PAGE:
A Strange Radio Adventure
Xmas On The Radio

A few years ago, when Joe McGinnis was making the rounds for Fatal Vision, I caught him on a late-nite TV interview. His book was about an Army Doctor, Jeffrey McDonald, who had been convicted of murdering his pregnant wife and their two young daughters. I learned enough from the interview to know that I didn't want to know any more about the story. I had two kids, including a daughter, and I just didn't want to read that book. The case was too terrible for me, though I read plenty of crime stories including non-fiction. The elements of Fatal Vision repelled rather than attracted me. I also avoided the TV movie of Fatal Vision.

I went to work at the radio station, KUT, on Christmas Eve 1985 at 7 pm. The guy I relieved, Jay Trachtenberg, said that a woman had phoned for me several times and would likely call back. Before I had signed the log or read the transmitter, she called. The woman told me that her boyfriend was in the Bastrop Federal Correctional Institution, near Austin. She said he always tuned in my program on his headphone radio about 11 or 11:30 pm when the guards made the prisoners go to bed. She said he had just found out that he would have to spend the rest of his life in prison. She wanted me to let him know over the radio that she was thinking about him on Christmas Eve. She also wanted me to play something especially for him, though she had no specific request. I asked her what kind of music he liked, and she mentioned Stevie Ray Vaughan. Then I asked her friend's name. She answered, "Dr. Jeffrey McDonald."

After talking with the woman, I regretted having avoided Fatal Vision, because I didn't have any opinion about McDonald's guilt or innocence. My programs come totally from my knowledge and research, and I select each piece of music carefully to fit into a thematic flow. I knew that I could lend some small measure of comfort to McDonald with a selection for him. However, if he were guilty of stabbing his wife and little girls to death, I didn't really want to comfort him. I had been on KUT for several years and had established a relationship with my listeners, so I didn't take the woman's request lightly. I agonized over what to play for him for the next four hours. Finally, I elected to play something instrumental so the lyric content would not be construed as a comment by me on whether or not he had committed the crime.

A little after 11:30 I played "Christmas In Prison" by John Prine to get his attention. Then I said, on the air, that a friend of Dr. Jeffrey McDonald had called and wanted him to know that she was thinking of him that evening. Then I played Stevie Ray Vaughan's "Lenny," which he had written for his wife. After "Lenny" I played "Christo Redemptor" by the Charlie Musselwhite Blues Band. After the show, the events of the evening swirled in my mind. I drove around for a while, and ended up going to an all-night supermarket to look for the book, Fatal Vision. I had to know the story about Jeffrey McDonald if he was one of my listeners. If he were innocent, I might be able to play some music that would help him feel better while he was listening to my show. If he were guilty, I wouldn't bother.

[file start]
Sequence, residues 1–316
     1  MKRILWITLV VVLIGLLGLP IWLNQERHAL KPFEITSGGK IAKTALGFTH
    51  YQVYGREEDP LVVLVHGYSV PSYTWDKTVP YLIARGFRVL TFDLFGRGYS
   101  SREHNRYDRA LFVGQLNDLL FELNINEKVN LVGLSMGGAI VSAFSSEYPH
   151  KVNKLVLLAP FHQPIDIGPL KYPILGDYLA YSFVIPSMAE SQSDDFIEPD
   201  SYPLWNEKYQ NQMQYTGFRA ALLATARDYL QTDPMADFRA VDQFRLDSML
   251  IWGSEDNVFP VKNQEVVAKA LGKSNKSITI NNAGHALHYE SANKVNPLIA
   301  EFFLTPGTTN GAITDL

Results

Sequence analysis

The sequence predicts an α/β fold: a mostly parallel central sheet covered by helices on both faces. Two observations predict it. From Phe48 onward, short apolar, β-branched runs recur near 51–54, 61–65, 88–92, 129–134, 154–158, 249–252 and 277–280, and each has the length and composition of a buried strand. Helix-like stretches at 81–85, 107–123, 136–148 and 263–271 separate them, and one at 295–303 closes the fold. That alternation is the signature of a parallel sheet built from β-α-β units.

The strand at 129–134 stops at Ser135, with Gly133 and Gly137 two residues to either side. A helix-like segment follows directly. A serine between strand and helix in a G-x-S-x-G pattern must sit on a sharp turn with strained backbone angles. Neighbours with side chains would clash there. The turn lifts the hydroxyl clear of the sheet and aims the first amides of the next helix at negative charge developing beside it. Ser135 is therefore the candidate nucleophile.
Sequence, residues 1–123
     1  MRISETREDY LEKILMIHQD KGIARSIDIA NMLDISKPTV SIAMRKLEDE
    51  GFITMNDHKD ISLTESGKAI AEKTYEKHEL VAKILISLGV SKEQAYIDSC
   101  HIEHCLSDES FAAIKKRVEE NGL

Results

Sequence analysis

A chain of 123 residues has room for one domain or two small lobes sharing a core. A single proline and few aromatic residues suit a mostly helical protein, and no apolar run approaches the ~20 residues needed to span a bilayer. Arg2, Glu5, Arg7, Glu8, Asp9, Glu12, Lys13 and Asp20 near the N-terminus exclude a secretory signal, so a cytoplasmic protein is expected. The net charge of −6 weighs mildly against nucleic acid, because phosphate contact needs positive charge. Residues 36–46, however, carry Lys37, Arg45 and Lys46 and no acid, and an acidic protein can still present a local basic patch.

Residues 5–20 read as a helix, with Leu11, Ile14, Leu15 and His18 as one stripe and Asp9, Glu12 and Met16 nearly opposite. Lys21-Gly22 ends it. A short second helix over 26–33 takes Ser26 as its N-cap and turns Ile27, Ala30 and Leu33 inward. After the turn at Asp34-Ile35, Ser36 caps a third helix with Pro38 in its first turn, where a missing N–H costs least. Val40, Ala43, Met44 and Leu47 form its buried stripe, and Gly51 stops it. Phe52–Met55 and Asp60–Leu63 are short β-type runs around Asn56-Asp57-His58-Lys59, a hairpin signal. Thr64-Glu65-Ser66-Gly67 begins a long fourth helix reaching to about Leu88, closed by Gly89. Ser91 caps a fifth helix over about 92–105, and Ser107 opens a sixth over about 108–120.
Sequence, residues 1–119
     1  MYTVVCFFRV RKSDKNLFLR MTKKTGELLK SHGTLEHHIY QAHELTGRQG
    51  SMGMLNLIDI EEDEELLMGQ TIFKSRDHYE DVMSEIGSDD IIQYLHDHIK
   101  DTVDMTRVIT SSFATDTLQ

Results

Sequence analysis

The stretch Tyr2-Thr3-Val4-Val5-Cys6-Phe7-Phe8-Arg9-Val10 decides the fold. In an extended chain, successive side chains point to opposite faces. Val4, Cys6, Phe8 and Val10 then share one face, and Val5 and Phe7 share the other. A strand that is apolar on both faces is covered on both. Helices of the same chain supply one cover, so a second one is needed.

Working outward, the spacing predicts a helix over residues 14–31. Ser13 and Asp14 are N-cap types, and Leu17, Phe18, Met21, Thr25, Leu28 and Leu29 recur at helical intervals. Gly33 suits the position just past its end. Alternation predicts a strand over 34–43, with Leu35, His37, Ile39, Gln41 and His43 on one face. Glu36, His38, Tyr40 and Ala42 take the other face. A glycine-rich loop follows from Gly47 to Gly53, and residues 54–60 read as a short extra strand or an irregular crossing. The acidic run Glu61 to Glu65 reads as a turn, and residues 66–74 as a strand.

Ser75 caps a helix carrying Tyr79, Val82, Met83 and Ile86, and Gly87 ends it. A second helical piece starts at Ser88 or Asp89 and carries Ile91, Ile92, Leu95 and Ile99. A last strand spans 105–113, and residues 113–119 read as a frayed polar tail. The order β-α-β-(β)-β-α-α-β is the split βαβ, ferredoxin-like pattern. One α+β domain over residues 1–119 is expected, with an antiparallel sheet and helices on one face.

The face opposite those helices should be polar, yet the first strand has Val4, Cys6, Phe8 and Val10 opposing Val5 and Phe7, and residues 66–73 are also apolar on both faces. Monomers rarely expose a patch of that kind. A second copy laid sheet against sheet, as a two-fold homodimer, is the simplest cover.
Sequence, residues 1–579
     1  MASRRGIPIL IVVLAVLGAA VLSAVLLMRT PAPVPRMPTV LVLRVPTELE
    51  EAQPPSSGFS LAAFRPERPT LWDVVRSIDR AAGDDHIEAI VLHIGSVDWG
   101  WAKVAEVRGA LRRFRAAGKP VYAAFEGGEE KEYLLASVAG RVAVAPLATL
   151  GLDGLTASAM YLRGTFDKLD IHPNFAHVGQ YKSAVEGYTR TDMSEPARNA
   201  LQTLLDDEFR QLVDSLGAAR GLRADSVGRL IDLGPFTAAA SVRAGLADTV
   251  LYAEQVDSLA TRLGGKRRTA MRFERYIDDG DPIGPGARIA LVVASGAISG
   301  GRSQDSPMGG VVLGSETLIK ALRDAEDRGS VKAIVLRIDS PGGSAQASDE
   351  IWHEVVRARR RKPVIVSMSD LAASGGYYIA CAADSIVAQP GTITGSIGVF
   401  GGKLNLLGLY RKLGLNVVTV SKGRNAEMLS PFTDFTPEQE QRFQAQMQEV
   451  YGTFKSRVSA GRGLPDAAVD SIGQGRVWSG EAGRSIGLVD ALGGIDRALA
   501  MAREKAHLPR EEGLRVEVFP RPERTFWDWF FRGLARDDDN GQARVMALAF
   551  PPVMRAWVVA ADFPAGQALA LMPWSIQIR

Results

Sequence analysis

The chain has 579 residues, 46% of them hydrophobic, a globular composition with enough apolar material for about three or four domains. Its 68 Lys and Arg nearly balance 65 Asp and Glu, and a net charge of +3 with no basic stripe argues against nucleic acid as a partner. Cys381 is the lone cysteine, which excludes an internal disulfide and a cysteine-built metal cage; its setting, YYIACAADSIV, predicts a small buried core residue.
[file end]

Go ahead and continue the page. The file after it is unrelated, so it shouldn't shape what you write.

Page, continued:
I found the book, bought it, and began to read it in the early morning hours of Christmas Day. My X and the kids were away for the holidays, so I had no family obligations. I read 'til past dawn. A fluke knocked the station off the air on Christmas Day, so I didn't have to do a show for a few days 'til some parts arrived and were installed. I read Fatal Vision most of my waking hours so I could finish it before I had to do another show. I concluded that McDonald was guilty, and I was quite repulsed by two things he did. First, the cold-blooded stabbing of the second child to cover his actions. Second, blaming the murders on a Manson-type group instilled a general fear that there might be more of these abberant-behavior groups on the loose. Innocent hippies in the area were hassled by the police as a result of his trying to shift the blame to random crazies. McDonald has never confessed and maintains his innocence.

After the station had been back on the air for a few days I decided to try to let McDonald know that I thought he was guilty. At about 11:30 pm I played "Christmas In Prison," hoping that the song would make him listen a little closer. Then I played "Lenny." If he were listening, I figured he was listening closely. Then I played "Mack The Knife." I ended the set with "Christo Redemptor." If he had been listening to my shows for any length of time, he had to know that I had played "Mack The Knife" specifically for him.

I never heard from McDonald, and a couple of months later I read in the paper that he had been transferred away from Bastrop to a California prison.

A lot of people think being on the radio is the high life, but incidents like this one do happen. Although I have had many radio related adventures, that Christmas week when I had to deal with the fact that a convicted mass murderer listened to my shows regularly ranks very high in my memory. I was relieved when he moved on, because I always felt a little weird between 11 and midnight when I thought he might be listening in.


Larry Monroe has been on the radio since he was 13.

This piece was written for the Austin Weekly, which no longer exists.

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